Day 59 to Day 64 - July 25th – 30th

We got to the customs house around noon on the way to the ferryboat at Wadi Halfa. It was an intense body jam with sweating frenzied people carrying huge bags, pushing far harder than we’re accustomed to even when traveling with German tourists! After clearing customs, we elbowed our way onto the minibus. Every now and then someone would play the “woman card” and people would back off just slightly to let a poor woman get a seat. Boarding the ferry was more of the same. We were elated upon finally departing the Wadi Halfa port. . .

. . .supposedly, next year there will be a road connection between Egypt and Sudan which will make trade easier between the two countries, but I expect it will increase the number of refugees into Egypt. With unemployment as high as it is now, it doesn’t seem attractive to have a better connection to the Sudan than the pathetic one currently in place between Wadi Halfa and Aswan.

As I mentioned before, we originally had two first class cabins reserved for Saturday, but we somehow ended up with one first-class cabin on Wednesday. People rushed onto the ferry and took their favorite spots in the shade of the lifeboats (outside of the railings and allowed areas) and under various blanketed shade contrivances and finally in the large room on the first deck – tightly enclosed with windows that don’t open. This room should have been nicknamed Calcutta based on its odors, stale air and heat. We put all of our bags in our one first-class cabin, and the four of us stretched out there. Later, we gave the ferry’s first mate a “Benjamin” ($100) and were able to spread out in the captain’s cabin, which had a bunk for Roger and the floor for Vincent with a semi-private bathroom that wasn’t awash with various questionable fluids.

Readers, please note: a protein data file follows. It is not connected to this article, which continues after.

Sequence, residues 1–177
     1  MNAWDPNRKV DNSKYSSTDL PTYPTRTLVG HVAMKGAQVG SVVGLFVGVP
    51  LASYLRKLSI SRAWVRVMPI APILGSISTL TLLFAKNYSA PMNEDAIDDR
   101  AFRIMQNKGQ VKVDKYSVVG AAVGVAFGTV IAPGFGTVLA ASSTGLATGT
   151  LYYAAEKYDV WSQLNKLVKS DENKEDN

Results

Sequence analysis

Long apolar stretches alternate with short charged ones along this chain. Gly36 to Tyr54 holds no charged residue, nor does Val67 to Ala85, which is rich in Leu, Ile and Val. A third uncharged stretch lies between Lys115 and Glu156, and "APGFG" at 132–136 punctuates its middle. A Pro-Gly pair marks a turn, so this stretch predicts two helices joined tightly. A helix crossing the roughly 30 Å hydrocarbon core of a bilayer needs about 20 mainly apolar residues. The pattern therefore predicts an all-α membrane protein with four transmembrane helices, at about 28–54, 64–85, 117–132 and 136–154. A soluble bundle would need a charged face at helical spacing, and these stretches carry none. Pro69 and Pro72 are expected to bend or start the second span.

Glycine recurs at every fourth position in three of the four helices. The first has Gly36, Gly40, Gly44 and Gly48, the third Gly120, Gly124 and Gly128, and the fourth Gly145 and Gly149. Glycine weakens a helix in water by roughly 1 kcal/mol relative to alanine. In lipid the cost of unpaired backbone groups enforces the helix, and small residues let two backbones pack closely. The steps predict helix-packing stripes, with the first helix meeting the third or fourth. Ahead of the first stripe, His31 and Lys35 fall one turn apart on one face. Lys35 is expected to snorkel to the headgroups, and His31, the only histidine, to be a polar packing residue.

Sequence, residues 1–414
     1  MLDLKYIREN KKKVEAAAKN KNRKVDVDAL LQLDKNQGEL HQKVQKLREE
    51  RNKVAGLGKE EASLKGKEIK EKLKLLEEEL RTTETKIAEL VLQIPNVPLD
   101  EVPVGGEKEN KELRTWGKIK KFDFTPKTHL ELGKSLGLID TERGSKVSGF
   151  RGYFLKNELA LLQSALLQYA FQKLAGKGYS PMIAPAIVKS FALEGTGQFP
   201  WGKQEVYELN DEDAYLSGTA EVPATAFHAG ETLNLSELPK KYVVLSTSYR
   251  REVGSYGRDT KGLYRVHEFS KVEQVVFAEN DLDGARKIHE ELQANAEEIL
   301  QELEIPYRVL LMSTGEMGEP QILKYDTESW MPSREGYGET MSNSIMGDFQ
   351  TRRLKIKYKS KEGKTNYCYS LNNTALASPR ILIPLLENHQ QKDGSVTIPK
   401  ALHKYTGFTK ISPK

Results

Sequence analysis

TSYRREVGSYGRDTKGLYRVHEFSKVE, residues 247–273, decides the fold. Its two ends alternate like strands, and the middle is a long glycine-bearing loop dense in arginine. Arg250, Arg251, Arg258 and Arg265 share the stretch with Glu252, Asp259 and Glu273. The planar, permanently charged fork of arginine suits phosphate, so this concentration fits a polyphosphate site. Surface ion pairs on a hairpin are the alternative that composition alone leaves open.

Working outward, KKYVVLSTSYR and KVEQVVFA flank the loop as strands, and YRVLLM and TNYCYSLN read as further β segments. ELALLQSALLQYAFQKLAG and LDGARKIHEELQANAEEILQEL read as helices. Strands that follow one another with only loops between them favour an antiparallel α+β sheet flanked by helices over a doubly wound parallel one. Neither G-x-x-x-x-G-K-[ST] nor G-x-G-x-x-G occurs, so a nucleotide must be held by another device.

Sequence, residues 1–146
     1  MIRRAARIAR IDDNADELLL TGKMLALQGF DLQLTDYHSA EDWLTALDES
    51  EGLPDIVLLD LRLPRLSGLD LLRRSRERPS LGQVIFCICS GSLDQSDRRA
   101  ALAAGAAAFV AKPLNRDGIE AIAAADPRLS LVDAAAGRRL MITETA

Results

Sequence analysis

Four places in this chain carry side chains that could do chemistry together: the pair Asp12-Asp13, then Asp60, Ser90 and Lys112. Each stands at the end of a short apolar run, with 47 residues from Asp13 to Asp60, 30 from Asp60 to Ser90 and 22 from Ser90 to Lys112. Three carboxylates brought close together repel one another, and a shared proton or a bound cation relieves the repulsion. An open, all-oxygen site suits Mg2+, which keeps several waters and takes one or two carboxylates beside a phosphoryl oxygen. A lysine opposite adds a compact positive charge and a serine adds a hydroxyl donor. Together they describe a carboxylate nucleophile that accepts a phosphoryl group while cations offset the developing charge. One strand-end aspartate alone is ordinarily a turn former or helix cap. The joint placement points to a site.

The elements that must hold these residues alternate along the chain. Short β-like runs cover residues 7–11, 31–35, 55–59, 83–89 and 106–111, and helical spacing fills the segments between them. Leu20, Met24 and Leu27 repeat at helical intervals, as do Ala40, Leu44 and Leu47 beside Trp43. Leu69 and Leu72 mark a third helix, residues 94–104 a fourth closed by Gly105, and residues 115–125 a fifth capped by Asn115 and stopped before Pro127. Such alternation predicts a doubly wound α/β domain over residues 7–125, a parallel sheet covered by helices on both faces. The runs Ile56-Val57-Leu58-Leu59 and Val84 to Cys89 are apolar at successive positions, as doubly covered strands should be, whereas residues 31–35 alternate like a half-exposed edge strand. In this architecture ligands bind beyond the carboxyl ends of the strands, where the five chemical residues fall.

At Aswan, we were relieved to see that the barge with our motorcycles had arrived (in the distant background).

The bags you see on the dock are chemicals used for drilling mud. We ran into a Shell engineer and his girlfriend, and he told us he had been drilling out in the Sahara Desert and was now off to another Shell job in West Africa. Fleets of large excursion boats used to carry people up and down the Nile were tied up all along the shore, perhaps 700 of them!

Once we arrived, we discovered that the crew had processed the foreign passports during the previous night, but they had inserted the incorrect date and needed to redo all of them. At the customs building there was more pushing and shoving; I was carrying two bags and a water bottle and had serious problems holding onto to all of it—it was a pickpocket’s Shangri-La. We learned at immigration and customs that the British bureaucratic process is still alive and well here– there were lots of people endlessly asking for passports, stamping papers, and asking questions.

On Thursday, we were only halfway through customs; we got the bikes cleared through immigration and got them off the barge, but our fixer was unable to accomplish anything further. Friday was a holy day of Ramadan and a day off, so we had to wait until Saturday to get things done.

We spent Friday lounging around the fancy hotel, feeling sorry for ourselves for not having been on our bikes for almost a week.